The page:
Social Simulation May 11, 2009Posted by Chuck Musciano in Random Musings.
Tags: Networking, Relationships, Social Media, Twitter
Computer simulation is a powerful tool, refined over decades to give engineers unparalleled ability to test and verify designs before bringing them to physical fruition. Simulation is also used to explore all sorts of scenarios that can’t be brought to life: weather, nuclear reactions, global warming. But there is a cautionary adage in the simulation world: Be careful; if you do it long enough, you start to think it’s the real thing.
And so it is with social media. We like to think that tools like Facebook and Twitter allow us to develop real relationships with people we otherwise would not have met. And while we can get real value by interacting with people via these tools, it is a far cry from a real relationship. Like simulation, don’t begin to think that exchanging tweets, however well-intentioned, is the real thing.
This came home to me at the Microsoft CIO Summit a few weeks ago. The Summit affords IT executives a chance to share advice, learn about new things, and generally commiserate. I always enjoy the opportunity to meet new CIOs and build new relationships.
While socializing, I realized that I was learning more about these people in a two minute chance encounter than I would in a month of tweets. While there was value in the words we exchanged, the rich context of the engagement provided all sorts of clues about the real person behind the data stream. How did they shake hands? Are they dressed neatly? Do they hold my gaze or look away? How do they laugh? Do they talk a lot or a little? Do I get a “good feeling” about them?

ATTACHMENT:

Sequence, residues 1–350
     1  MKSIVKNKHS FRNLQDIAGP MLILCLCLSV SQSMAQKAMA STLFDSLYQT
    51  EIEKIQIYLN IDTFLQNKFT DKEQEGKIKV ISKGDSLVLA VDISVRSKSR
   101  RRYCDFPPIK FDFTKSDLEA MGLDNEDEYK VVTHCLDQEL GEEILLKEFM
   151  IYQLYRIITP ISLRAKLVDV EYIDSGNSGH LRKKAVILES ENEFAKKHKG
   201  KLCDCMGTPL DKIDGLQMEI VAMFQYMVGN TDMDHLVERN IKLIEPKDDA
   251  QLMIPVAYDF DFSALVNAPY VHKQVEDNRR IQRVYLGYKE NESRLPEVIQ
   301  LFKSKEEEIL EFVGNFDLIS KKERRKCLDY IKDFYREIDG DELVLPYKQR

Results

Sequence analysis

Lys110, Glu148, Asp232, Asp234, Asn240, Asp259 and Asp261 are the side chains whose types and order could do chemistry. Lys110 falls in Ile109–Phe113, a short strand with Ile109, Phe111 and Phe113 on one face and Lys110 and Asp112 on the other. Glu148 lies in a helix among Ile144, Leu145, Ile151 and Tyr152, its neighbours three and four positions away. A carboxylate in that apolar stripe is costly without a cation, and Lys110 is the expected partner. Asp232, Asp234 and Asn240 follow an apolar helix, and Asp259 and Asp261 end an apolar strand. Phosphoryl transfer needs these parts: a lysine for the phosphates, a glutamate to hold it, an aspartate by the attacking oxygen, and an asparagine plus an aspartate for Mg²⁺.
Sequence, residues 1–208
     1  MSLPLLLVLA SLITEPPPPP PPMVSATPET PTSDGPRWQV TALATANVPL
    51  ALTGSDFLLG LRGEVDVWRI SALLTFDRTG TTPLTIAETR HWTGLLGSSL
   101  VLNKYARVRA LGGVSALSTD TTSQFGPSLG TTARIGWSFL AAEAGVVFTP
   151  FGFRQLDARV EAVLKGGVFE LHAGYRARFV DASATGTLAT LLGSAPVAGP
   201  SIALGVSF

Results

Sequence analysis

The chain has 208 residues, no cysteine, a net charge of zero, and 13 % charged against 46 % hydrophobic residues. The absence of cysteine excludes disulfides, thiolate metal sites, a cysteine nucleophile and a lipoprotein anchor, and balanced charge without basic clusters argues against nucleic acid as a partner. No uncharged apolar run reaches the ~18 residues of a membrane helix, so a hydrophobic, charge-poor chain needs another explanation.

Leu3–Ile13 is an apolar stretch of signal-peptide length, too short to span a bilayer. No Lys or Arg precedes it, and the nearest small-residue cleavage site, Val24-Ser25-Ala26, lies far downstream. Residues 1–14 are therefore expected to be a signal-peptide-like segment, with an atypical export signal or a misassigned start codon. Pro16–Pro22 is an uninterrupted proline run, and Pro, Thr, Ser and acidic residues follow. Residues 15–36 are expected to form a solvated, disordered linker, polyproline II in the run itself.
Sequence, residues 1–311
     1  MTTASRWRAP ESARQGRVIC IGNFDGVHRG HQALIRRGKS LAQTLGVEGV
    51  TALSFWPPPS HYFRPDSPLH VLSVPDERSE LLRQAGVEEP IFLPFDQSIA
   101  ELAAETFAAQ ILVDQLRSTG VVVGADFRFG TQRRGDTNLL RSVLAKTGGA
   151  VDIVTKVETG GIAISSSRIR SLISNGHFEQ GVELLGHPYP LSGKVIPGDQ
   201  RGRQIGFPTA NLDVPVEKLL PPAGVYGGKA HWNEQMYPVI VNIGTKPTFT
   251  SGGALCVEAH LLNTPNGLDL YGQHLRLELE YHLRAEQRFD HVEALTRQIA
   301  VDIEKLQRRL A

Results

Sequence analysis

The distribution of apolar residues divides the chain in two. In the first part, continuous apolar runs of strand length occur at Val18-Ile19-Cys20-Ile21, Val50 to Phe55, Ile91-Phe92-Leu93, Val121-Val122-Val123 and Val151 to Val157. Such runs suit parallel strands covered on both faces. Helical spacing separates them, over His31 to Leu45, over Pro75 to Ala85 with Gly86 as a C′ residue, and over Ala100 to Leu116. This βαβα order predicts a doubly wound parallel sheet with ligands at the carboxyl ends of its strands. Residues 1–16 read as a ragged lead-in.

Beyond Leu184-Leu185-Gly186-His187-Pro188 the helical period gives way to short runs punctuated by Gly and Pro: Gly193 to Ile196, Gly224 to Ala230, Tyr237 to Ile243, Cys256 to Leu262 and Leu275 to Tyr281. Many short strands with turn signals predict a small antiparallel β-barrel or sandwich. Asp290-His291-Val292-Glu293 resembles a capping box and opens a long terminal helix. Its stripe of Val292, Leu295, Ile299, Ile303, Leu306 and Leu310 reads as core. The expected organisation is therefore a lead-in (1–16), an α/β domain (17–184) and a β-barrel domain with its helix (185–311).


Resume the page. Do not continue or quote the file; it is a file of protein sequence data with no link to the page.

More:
Your brain is the most advanced pattern matching device ever developed. It takes thousands of data bits and instantly makes decisions that dramatically affect how you feel about someone. Your mom was right: first impressions are lasting. When you meet someone, you are matching them against every interaction, good or bad, you’ve ever had and making a judgment. We call it intuition, and most people trust these impressions.
Social media strips away 99% of this data, leaving your brain with very few data elements to work with. I suspect that we fill in the gaps with optimistic values, leading to better impressions of our social media peers than might otherwise be warranted. Social media is to a real, in-person encounter like Morse code is to HD television. There simply isn’t enough bandwidth to get a good feel for the other person.
That isn’t to say that our social media friends aren’t good people (especially all of mine). But it is easy to start believing that social media is enough to sustain a good relationship. Like simulation, it is easy to start thinking that it is the real thing.
Perhaps we need to think about social media as a place to start a relationship. One started, we need to use traditional tools like meeting and speaking to build on that beginning. As the relationship grows, social media enhances the experience instead of supplanting it. Here’s a novel idea: pick one person that you’ve met through Twitter or Facebook and (gasp) call them. If they live close enough, meet them for coffee. Have a high-bandwidth encounter and see what it does for the relationship. I bet we’ll all be better off for it.